Our projects are designed to empower policy makers to create positive change. With a focus on collaboration and outreach, we provide original, standards-based research on key policy issues.
SCEPA joined with the Economic Policy Institute on Capitol Hill to brief congressional staff and policy experts on tax expenditures, or incentives given through the tax code without scrutiny by Congress.
SCEPA economists are working on the prospects for a more progressive economic order to emerge from the shock of the recession. They have published papers and documents that place current events in a longer-term context as well as policy proposals to deal with short-term concerns. They are also documenting the emerging discussion of how the discipline of economics is reacting to the Great Recession and the questioning of conventional economic analysis.
Lance Taylor, a SCEPA Faculty Fellow, presents an overview of his new book, Maynard’s Revenge, in a Google Tech Talk.
The book, published this November by Harvard University Press, is a timely analysis of mainstream macroeconomics, posing the need for a more useful and realistic economic analysis that can provide a better understanding of the ongoing global financial and economic crisis.
The government spends $143 billion through tax breaks in an effort to expand pension coverage and security. Yet, over half of the American workforce does not have a pension. Retirement insecurity hurts business plans, workers’ lives and retiree well-being. Reform is needed.
SCEPA’s Guaranteeing Retirement Income Project, sponsored by the Rockefeller Foundation and in collaboration with Demos and the Economic Policy Institute, has a plan to guarantee safe and secure retirement income for all Americans.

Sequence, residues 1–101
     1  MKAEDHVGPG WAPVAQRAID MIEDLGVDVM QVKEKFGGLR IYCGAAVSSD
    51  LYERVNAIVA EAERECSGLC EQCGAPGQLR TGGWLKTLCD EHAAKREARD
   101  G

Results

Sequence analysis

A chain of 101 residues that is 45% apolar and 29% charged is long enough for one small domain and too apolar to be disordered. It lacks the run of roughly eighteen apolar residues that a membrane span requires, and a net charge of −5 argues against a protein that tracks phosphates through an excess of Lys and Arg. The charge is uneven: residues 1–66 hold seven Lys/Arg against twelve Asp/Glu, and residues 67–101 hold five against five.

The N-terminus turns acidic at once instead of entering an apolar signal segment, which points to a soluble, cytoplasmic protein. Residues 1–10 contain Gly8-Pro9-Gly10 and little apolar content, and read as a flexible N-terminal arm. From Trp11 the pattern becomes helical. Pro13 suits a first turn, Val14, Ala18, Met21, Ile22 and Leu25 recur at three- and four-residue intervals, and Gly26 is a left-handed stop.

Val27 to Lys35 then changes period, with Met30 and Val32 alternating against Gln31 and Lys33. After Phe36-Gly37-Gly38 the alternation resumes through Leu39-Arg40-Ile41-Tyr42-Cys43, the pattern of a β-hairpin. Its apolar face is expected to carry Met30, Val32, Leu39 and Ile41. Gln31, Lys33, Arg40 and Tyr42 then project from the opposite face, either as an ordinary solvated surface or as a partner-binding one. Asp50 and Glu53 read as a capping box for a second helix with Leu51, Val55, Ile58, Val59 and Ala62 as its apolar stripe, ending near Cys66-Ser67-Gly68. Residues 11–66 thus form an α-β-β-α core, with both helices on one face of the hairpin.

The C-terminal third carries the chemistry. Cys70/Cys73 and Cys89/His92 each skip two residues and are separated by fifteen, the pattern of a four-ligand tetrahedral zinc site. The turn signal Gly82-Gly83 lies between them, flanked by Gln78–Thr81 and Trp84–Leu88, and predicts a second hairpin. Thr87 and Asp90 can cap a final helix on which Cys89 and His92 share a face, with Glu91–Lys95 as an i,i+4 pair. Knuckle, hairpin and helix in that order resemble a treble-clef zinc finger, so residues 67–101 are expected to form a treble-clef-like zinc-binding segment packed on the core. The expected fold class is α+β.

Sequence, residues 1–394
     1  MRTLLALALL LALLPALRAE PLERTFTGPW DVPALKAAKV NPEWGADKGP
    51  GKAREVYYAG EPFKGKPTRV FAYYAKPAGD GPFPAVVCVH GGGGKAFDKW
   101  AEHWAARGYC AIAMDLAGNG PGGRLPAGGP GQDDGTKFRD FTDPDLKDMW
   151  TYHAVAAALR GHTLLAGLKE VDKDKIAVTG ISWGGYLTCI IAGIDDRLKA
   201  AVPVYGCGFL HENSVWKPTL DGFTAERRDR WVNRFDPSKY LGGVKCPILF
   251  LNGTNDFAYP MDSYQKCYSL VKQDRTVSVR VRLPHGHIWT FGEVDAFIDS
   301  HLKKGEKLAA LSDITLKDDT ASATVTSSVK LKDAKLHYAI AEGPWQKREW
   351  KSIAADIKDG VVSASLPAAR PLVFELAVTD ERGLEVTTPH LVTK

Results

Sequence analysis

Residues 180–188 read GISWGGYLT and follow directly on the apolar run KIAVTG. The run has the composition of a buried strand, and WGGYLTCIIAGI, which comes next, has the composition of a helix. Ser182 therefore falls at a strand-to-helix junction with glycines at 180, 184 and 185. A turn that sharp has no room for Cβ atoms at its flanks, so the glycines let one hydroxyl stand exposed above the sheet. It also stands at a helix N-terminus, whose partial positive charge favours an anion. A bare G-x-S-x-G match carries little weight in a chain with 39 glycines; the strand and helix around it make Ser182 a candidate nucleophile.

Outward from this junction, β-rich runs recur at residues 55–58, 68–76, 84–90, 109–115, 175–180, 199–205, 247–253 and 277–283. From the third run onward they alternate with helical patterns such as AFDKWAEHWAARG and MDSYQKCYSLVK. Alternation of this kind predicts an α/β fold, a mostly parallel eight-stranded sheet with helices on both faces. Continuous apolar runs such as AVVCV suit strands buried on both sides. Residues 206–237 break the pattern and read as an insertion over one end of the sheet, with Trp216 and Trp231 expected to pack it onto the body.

- Published on Monday, July 23, 2012
On July 21, 2012, SCEPA Director Teresa Ghilarducci wrote an opinion piece in the New York Times Sunday Review on "Our Ridiculous Approach to Retirement." She describes how the current 'do-it-yourself' retirement planning both defies human behavior by requiring each individual to perform like a professional investor, while relying on the very natural human response to believe that you can work forever without sickness or forced unemployment.
"Not yet convinced that failure is baked into the voluntary, self-directed, commercially run retirement plans system? Consider what would have to happen for it to work for you. First, figure out when you and your spouse will be laid off or be too sick to work. Second, figure out when you will die. Third, understand that you need to save 7 percent of every dollar you earn. (Didn’t start doing that when you were 25 and you are 55 now? Just save 30 percent of every dollar.) Fourth, earn at least 3 percent above inflation on your investments, every year. (Easy. Just find the best funds for the lowest price and have them optimally allocated.) Fifth, do not withdraw any funds when you lose your job, have a health problem, get divorced, buy a house or send a kid to college. Sixth, time your retirement account withdrawals so the last cent is spent the day you die."
Ghilarducci ends with a call for a shared solution to ensure retirement security through practical policies based on actual, rather than idealized, behavior. "I hope that fear can make us all get real. The coming retirement income security crisis is a shared problem; it is not caused by a set of isolated individual behaviors. My plan calls for a way out that would create guaranteed retirement accounts on top of Social Security. These accounts would be required, professionally managed, come with a guaranteed rate of return and pay out annuities. This is a sensible way to get people to prepare for the future."
On July 23, 2012, Carole Fleck echoed the New York Times column on the AARP Blog. In her post, "Our 'Ridiculous' Retirement System is Crumbling, Expert Says," Fleck cites Ghilarducci, "She says it’s irresponsible for Congress to deny that the retirement system, despite its tax breaks, defies human behavior. Basing a system on people’s voluntarily saving for 40 years and evaluating the relevant information for sound investment choices is like asking the family pet to dance on two legs."